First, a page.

Mary Anna King wasn't always Mary Anna King. For the first part of her life, she was Mary Agnes Taylor Hall, second child of a deadbeat father and a struggling mom who gave up their last four daughters to adoption, then ended up having to give up Mary and another younger sister to their grandparents. Oklahoma City, and life with her Air Force granddad and his less than loving wife, Mimi, was a far cry from having the run of the apartment complex in South New Jersey. And even though Mary knew, intellectually, that Mimi and Granddad could care for her in a way her own parents couldn't, she still missed the mother she fiercely loved. And she always harbored the hope that eventually, when they were all adults, her adopted sisters would find her and they would be a family again.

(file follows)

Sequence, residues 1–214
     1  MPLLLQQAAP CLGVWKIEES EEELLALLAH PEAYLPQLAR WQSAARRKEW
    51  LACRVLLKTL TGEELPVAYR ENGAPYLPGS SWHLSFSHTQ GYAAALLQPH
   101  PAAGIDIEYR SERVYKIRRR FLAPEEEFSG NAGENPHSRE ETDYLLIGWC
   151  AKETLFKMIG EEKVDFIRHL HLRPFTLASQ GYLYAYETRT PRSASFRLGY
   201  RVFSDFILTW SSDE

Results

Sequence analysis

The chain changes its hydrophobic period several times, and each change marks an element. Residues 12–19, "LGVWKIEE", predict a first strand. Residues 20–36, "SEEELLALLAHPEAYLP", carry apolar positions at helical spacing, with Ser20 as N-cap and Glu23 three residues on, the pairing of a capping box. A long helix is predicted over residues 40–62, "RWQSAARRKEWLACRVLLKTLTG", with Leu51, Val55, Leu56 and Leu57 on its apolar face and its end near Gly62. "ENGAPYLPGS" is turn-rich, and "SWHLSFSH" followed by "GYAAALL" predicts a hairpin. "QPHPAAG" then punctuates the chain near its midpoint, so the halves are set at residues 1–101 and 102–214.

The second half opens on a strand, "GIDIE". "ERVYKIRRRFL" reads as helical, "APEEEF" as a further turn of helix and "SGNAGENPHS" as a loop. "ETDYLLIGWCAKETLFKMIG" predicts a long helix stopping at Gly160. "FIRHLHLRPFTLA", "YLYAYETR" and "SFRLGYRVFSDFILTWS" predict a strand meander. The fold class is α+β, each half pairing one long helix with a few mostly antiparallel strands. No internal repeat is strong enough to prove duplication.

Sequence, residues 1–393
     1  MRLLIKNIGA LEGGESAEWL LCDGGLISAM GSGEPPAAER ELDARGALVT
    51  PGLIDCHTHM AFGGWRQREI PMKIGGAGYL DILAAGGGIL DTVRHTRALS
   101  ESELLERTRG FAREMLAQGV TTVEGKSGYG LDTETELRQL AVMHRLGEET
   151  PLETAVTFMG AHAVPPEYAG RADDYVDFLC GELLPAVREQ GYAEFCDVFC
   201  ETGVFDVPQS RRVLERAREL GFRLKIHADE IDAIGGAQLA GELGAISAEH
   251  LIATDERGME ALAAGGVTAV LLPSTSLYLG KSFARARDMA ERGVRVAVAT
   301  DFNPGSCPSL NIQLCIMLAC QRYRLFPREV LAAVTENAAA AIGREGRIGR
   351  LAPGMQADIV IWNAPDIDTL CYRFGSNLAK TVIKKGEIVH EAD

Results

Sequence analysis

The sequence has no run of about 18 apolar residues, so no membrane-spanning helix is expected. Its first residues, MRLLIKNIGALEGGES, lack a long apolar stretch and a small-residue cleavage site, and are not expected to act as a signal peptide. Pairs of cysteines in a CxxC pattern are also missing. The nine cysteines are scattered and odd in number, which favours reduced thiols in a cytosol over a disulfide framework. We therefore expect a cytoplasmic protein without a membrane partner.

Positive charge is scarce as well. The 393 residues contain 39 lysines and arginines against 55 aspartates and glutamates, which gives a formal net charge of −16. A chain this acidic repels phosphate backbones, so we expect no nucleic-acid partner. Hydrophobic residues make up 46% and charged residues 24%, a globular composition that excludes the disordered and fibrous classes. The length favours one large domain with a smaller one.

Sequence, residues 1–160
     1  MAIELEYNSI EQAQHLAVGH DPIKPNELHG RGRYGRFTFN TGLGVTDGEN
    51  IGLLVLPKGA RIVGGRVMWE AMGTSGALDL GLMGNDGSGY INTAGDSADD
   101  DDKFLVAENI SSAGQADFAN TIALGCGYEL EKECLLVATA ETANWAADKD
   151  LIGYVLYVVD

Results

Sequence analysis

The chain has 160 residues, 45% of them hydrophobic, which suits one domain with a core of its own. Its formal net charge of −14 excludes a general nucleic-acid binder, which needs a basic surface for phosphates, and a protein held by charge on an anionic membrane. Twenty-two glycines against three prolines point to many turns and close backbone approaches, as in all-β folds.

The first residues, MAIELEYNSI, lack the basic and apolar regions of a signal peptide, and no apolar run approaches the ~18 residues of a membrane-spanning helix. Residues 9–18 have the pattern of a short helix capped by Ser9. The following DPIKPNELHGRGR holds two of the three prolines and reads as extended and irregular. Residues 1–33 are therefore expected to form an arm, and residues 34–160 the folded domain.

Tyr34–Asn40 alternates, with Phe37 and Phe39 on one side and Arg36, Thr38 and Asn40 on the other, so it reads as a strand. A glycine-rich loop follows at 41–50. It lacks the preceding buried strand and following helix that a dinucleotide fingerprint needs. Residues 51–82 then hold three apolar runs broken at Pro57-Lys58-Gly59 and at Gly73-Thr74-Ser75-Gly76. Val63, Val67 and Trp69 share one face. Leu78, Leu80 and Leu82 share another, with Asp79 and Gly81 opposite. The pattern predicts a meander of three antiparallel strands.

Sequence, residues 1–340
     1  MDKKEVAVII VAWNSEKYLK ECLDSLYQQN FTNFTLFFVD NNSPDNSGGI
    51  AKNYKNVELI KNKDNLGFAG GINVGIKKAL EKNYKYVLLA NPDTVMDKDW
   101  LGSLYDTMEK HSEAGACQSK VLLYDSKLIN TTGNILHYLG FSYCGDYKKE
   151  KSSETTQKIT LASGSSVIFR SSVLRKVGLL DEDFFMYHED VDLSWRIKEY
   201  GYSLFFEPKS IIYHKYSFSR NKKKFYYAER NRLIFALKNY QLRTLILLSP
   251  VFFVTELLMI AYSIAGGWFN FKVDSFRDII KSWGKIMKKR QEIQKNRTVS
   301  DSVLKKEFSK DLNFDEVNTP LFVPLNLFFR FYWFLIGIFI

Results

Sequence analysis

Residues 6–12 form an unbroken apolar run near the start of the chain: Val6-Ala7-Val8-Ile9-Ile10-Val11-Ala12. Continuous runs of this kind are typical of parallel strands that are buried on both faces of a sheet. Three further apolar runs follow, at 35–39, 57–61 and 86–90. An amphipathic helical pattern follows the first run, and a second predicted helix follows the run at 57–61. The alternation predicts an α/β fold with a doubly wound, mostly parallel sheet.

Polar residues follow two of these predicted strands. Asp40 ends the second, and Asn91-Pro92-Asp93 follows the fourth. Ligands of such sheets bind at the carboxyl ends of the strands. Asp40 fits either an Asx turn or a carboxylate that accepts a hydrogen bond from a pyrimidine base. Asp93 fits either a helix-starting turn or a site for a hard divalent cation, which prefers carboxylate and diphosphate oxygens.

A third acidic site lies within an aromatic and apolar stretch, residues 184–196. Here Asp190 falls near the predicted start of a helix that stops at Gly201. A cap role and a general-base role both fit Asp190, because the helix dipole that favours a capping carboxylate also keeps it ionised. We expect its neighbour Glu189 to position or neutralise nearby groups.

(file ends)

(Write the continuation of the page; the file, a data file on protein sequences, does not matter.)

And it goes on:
King writes of her complicated and often unhappy childhood with searing self-awareness. Though Mimi and Granddad certainly saved her, she doesn't spare them a critical eye, particularly in regards to their treatment of her older brother Jacob and favoritism towards her younger sister Rebecca. King also paints a vivid picture of herself as a girl, then a young woman, who feels the weight of intense longing for her reunited family as well as the indebtedness she feels towards her grandparents so strongly that it manifests physically in panic attacks and severe insomnia. In the end, are all the siblings reunited? Yes, and always the reunions are joyous occasions, but King takes care to not present it as a panacea for all their problems. Being with your family is better than not, but King concludes that her self-worth must not be tied up with that perfect family happy ending. "Bastards" is moving and emotional, without wallowing in melodrama or self-pity, and sure to be of great interest to members of the adoption community.